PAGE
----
So goes the old adage about the nominating process for both parties. It means that Democrats go beserk over a candidate, totally falling for who the newest cool kid on the scene, without regard for electoral prowess. Witness: George McGovern in 1972, Dukakis in 1988, Howard Dean in 2004, and Obama in 2008.
Republicans, being the well-mannered country club party that they are, put their partisan differences aside, and coalesce behind the consensus candidate, which is usually the guy that’s put in the time in the previous primaries, and who has the greatest claim to the nomination. Not so with Democrats, a notoriously disagreeable bunch who adore internal bickering.
And for once, that old adage seems to have been turned completely on its head. True, we Democrats have an incumbent to fall in line behind, and the Republicans do not, but what strikes me at this point is that even though Romney’s won both Iowa and New Hampshire, a feat that no Republican nonincumbent has ever pulled off, and there’s still a vast reservoir of antipathy against him. That at this stage, he still faces even nominal opposition within his own party is very telling. It speaks to deep undercurrents in the rank and file Republicans who are fundamentally uncomfortable with him.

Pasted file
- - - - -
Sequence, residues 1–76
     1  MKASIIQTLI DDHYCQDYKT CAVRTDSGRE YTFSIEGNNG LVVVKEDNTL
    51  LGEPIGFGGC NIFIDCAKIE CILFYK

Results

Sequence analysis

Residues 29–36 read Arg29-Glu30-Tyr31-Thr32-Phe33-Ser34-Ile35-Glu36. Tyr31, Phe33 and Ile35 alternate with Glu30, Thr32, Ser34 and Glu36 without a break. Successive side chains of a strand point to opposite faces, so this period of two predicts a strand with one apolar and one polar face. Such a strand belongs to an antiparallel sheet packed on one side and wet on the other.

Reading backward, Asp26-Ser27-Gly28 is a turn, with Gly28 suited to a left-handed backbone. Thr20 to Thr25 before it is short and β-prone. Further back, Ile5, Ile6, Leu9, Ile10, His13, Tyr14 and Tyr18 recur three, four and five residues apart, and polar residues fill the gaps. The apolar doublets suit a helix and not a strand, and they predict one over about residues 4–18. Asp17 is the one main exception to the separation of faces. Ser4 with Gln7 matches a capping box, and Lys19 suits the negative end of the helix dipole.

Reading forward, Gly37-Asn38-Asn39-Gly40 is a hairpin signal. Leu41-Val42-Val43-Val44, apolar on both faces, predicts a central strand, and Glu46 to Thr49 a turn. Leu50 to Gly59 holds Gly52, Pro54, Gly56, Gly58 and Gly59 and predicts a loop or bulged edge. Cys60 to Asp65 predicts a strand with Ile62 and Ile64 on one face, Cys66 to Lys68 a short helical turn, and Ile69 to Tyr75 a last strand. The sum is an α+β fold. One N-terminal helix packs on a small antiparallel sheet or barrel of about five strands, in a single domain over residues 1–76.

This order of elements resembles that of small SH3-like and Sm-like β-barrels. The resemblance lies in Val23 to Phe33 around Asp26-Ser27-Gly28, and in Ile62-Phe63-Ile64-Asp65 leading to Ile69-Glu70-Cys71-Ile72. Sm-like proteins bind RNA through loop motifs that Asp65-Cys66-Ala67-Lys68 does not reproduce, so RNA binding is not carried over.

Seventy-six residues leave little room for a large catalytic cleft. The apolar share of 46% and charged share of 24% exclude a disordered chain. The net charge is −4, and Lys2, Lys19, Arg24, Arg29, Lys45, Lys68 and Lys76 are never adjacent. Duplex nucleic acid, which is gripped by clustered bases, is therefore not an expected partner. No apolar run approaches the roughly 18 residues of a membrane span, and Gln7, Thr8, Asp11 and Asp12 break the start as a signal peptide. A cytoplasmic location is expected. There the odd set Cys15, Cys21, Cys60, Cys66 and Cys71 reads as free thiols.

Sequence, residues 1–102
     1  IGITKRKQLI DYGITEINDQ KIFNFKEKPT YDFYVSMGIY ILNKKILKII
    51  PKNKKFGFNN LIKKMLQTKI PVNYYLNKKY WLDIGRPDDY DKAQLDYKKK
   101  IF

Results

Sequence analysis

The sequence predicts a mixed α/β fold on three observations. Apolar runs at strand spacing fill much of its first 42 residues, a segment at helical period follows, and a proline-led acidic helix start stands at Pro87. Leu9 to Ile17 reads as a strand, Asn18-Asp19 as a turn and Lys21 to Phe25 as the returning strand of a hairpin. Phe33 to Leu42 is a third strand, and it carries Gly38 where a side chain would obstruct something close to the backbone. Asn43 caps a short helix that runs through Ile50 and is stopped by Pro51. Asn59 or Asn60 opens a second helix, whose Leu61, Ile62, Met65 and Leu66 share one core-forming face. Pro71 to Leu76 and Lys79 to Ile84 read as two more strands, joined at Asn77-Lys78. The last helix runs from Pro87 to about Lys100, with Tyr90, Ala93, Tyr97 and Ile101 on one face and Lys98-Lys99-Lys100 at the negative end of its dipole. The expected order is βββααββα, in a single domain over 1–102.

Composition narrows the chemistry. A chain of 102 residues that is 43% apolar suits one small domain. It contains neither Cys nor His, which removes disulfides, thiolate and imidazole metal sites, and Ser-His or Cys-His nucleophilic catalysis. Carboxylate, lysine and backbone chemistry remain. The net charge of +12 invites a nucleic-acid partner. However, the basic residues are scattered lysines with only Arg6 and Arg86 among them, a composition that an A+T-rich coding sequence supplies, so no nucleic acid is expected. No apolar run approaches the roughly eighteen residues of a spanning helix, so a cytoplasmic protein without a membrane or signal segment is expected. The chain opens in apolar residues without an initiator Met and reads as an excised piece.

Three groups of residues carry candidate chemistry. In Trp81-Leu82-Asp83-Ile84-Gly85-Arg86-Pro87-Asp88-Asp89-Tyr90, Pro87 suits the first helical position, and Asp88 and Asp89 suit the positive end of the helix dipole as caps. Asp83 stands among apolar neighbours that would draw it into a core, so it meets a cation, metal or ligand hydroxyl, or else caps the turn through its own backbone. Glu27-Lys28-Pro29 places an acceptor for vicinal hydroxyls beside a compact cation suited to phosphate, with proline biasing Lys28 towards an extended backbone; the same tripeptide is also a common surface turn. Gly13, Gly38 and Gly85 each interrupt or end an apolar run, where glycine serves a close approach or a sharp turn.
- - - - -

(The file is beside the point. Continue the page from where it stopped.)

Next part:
Romney’s likely going to make a strong showing in South Carolina, and even if he does, the same question that’s been haunting Republicans will be plaguing them: Is this really the guy we have? If they’re not comfortable with Mr. Economic Fix-it, it’ll show. And as the economy continues to improve, he’s going to look like every other flawed candidate that seems to come out of Massachusetts, which, aside from the Kennedys, seems to give us the most tone deaf nominees (Dukakis, again, and Kerry) we’ve ever had.
But, I’m not going to complain about that. Good for us, and even better for the country.